A north-east roadside camera has been revealed as the most active in Scotland, catching close to four times as many speeders as the next in the rankings.
New figures have shown that, over the first five months of the year, the average speed cameras on the A90 between Stonehaven and Dundee snared 4,417 motorists – the equivalent of 29 per day.
Over the same period, 1,133 were caught by the average speed cameras on the A9 between Inverness and Dunblane.
Another camera on the A90, this time near Charleston, also featured within the top 10.
The fines issued from the top 10 most active cameras nearly topped £1 million.
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The new stats have raised questions about what more can be done to deter drivers from breaking the law and make the region’s roads safer.
Rebecca Ashton, head of driver behaviour at campaign group IAM RoadSmart, has called for more officers to patrol the roads.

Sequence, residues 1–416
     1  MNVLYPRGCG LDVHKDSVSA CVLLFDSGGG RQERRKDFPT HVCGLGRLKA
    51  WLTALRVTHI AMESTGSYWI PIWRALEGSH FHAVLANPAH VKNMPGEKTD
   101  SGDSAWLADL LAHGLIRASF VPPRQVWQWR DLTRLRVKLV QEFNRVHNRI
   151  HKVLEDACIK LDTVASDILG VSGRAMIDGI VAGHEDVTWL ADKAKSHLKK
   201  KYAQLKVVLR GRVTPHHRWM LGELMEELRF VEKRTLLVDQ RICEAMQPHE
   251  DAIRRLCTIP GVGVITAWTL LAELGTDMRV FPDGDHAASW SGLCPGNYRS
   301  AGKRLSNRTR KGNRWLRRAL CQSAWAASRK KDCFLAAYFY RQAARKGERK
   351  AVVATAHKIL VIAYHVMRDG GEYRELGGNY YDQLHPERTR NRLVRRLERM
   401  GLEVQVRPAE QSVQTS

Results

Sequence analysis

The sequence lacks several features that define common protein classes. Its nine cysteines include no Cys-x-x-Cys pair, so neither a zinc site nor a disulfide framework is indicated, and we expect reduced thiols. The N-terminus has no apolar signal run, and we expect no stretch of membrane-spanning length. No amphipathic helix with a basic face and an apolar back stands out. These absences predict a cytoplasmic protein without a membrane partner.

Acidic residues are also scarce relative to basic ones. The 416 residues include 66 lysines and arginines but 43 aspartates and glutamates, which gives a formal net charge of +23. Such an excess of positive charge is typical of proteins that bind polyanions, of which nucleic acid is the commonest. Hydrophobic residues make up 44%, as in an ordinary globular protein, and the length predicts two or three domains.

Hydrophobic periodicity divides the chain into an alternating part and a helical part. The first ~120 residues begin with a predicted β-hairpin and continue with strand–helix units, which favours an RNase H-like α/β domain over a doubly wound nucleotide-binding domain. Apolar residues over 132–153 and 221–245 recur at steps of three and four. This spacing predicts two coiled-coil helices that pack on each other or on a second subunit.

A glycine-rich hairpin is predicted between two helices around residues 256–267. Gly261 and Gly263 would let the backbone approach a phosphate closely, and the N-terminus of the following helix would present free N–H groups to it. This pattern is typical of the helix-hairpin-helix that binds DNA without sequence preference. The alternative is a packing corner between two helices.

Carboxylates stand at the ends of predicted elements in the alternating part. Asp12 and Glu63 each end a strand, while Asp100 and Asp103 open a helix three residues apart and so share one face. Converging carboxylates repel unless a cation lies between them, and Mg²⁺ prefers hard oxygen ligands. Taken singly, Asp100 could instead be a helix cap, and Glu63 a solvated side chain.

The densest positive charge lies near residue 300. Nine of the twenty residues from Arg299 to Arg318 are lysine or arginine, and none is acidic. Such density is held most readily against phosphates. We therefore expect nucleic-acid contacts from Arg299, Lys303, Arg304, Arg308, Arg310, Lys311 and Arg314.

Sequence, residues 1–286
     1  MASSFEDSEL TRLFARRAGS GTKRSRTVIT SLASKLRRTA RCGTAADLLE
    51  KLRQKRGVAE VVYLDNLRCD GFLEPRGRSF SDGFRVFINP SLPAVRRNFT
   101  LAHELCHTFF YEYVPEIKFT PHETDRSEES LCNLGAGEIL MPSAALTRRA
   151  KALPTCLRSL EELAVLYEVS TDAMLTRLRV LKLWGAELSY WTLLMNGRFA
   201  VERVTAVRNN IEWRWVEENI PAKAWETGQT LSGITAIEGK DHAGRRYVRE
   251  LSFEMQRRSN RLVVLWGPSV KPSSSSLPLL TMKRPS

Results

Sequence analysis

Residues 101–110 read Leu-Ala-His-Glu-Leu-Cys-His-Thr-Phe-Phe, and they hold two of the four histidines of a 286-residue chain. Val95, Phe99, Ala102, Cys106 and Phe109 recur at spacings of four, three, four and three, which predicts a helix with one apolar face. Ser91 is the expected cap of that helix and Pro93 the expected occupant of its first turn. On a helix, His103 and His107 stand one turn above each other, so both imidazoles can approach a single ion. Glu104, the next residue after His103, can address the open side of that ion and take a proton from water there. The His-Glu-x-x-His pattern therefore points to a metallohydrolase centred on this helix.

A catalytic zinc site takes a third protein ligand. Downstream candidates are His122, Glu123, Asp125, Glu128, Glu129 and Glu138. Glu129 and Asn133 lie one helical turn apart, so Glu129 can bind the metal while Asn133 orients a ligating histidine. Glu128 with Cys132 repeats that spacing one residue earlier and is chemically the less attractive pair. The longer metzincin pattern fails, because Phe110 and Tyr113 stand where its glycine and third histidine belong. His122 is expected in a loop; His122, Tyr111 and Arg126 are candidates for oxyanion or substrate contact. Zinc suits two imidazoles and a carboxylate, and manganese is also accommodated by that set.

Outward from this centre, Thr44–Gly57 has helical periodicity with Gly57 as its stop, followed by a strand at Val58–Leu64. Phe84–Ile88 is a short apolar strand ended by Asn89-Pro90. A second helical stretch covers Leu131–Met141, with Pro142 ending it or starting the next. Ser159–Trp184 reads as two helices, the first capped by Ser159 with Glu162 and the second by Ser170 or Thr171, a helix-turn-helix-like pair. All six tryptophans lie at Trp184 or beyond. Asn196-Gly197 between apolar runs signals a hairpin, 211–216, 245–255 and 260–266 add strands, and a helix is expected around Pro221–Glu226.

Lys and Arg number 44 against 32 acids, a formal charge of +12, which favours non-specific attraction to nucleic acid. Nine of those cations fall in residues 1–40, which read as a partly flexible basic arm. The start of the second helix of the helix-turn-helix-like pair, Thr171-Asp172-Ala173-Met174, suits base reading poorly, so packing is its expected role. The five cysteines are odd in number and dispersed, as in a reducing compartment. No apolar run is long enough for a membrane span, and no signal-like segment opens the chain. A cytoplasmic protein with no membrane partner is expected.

She said: “A lack of officers does not help when we are trying to deter people from speeding, if the police had more capacity and resources they would be able to have the visual impact they want but with budget cuts it can be difficult to manage.
“Speed cameras are not the complete answer to a speeding problem.
“People need to understand the dangers of speeding, making education an important aspect of deterring motorists to speed, encouraging them to understand the dangers of speeding and the positive aspects of staying within the limit will also help.”
Statistics from GoCompare
Arron Duncan, manager of the North Safety Camera Unit, said: “While it remains disappointing that a significant number of motorists have failed to adhere to the speed limits in place for their respective vehicles, it is important to highlight that the figures quoted represent a very small minority of the road users overall on the routes.
“Speed limit compliance levels in excess of 99% are generally achieved.
“Those detected speeding to date are either not paying sufficient attention to the task of driving or have clearly made a conscious decision not to comply.”
Road Policing Sergeant Stuart Lawrence said: “It goes with saying that travelling at high speeds can have catastrophic consequences and is totally unacceptable.
“Driving at such speeds significantly reduces your ability to react to unexpected changes in road conditions and puts other road users at serious risk.”